Big soybean crops to favor big traders in Brazil, Cargill says
SAO PAULO Aug 12 (Reuters) - Brazil's soybean market will see abundant supplies and lower prices next season, which will challenge farmers and favor traders with low costs and good financials, said Cargill's main soybean executive in the country.
In about a month, Brazilian farmers will start sowing what is expected to be a record soybean crop, more or less at the same time the U.S. harvests the biggest soybean crop in history.
"In previous years, it was necessary to move supplies quickly. Now that we have ample stocks everywhere, consumers are not in a rush to buy," Paulo Sousa, Cargill's director for grains and soybean crushing in Brazil, said on Tuesday.
That will help pace Brazil's oilseed sales and exports, but also will squeeze margins and demand higher cost control and efficiency.
"To carry stocks is very capital intensive. Someone must pay. There is a financial cost in keeping grains stocked. Physical infrastructure is also necessary," Sousa told reporters after an event at Cargill's headquarter in Sao Paulo.
Brazil's center-west grain belt has a storage deficit, which big food companies and trading houses, such as Cargill Ltd or Bunge Ltd, have tried to capitalize on by building their own silos and warehouses.
Some farmers also have started to use giant polyethylene bags to keep grain protected when conventional storage is full or not available to avoid having to sell when prices are weak.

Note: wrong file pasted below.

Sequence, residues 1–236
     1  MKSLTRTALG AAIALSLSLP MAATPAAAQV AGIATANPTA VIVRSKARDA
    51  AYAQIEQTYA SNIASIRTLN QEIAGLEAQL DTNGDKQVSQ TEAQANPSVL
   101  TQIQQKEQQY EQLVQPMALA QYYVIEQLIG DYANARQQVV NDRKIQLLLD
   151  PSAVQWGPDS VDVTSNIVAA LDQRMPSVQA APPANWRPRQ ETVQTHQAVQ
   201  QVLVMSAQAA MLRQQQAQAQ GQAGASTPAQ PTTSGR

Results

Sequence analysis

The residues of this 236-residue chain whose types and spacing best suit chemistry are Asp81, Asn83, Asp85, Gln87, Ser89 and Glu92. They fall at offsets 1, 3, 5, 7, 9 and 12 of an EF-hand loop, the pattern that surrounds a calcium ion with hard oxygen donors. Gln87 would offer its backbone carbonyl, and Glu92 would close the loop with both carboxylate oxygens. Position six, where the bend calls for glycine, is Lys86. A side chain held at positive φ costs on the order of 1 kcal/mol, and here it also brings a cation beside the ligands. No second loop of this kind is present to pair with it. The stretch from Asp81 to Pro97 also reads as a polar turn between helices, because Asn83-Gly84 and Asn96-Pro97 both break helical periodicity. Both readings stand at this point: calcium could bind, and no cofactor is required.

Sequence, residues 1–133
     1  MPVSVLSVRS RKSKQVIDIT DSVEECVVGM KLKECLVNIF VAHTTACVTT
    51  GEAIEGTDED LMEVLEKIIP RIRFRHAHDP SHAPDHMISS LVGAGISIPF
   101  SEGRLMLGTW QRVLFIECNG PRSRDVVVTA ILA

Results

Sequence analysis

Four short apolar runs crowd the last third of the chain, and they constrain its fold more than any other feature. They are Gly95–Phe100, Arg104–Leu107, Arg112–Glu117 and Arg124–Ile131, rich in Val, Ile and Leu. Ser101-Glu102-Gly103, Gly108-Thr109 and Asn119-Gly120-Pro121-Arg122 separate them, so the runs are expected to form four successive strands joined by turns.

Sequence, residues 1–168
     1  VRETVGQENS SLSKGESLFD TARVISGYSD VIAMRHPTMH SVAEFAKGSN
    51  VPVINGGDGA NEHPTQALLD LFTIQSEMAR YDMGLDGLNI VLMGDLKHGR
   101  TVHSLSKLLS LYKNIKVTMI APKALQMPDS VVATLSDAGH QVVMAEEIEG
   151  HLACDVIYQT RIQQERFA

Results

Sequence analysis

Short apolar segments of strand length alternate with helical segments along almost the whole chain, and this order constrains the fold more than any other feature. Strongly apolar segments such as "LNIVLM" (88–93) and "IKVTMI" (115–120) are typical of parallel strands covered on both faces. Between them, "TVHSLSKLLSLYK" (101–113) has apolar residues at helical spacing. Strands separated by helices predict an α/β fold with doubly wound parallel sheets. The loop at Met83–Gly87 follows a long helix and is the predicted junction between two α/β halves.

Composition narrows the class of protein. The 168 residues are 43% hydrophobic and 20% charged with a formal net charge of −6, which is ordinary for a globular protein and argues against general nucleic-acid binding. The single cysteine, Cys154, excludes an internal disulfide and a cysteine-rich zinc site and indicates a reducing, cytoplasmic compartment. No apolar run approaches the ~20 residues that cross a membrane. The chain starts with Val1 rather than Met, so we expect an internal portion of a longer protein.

Cargill's strategy for the 2014/15 season will be to optimize the use of its warehouse and cargo routings, Sousa said.
"Companies like us, with more than 120 storage facilities in Brazil, will ... move grains to places were we can be more competitive, with lower costs to access mills and ports," he said.
Sousa, who oversees Brazil's second largest soybean trading and crushing business after Bunge, said he expects a shift in futures market prices, in which longer contracts will be higher than spot contracts, something that has not been the case for almost three years now.
"In a few months, market prices will go from a backwardation to a 'carry' position, which will reward stocking," he said. Backwardation is when futures prices in the future are lower than the current spot price, which induces selling of the physical commodity rather than paying to store it.
Currently, however, a spot contract for soybeans on the Chicago Board of Trade (CBOT) is still 20 percent higher then the nearby contract November , while global supplies are still tight. (Editing by Reese Ewing and Andre Grenon)